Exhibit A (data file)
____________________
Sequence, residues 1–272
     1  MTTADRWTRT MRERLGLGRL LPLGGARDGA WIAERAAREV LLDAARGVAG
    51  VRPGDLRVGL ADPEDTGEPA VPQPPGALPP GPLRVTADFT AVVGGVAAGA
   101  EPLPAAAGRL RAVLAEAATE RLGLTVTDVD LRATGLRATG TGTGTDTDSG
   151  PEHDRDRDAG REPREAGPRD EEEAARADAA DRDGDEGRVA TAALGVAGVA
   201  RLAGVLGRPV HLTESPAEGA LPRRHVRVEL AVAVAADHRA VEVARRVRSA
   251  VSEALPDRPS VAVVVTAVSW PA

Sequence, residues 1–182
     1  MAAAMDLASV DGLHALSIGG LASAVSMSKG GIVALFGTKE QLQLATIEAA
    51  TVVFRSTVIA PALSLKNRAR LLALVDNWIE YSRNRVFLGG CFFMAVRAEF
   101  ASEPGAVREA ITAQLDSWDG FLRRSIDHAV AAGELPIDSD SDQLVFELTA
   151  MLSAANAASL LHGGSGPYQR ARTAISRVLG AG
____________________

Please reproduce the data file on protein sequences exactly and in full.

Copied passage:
Sequence, residues 1–272
     1  MTTADRWTRT MRERLGLGRL LPLGGARDGA WIAERAAREV LLDAARGVAG
    51  VRPGDLRVGL ADPEDTGEPA VPQPPGALPP GPLRVTADFT AVVGGVAAGA
   101  EPLPAAAGRL RAVLAEAATE RLGLTVTDVD LRATGLRATG TGTGTDTDSG
   151  PEHDRDRDAG REPREAGPRD EEEAARADAA DRDGDEGRVA TAALGVAGVA
   201  RLAGVLGRPV HLTESPAEGA LPRRHVRVEL AVAVAADHRA VEVARRVRSA
   251  VSEALPDRPS VAVVVTAVSW PA

Sequence, residues 1–182
     1  MAAAMDLASV DGLHALSIGG LASAVSMSKG GIVALFGTKE QLQLATIEAA
    51  TVVFRSTVIA PALSLKNRAR LLALVDNWIE YSRNRVFLGG CFFMAVRAEF
   101  ASEPGAVREA ITAQLDSWDG FLRRSIDHAV AAGELPIDSD SDQLVFELTA
   151  MLSAANAASL LHGGSGPYQR ARTAISRVLG AG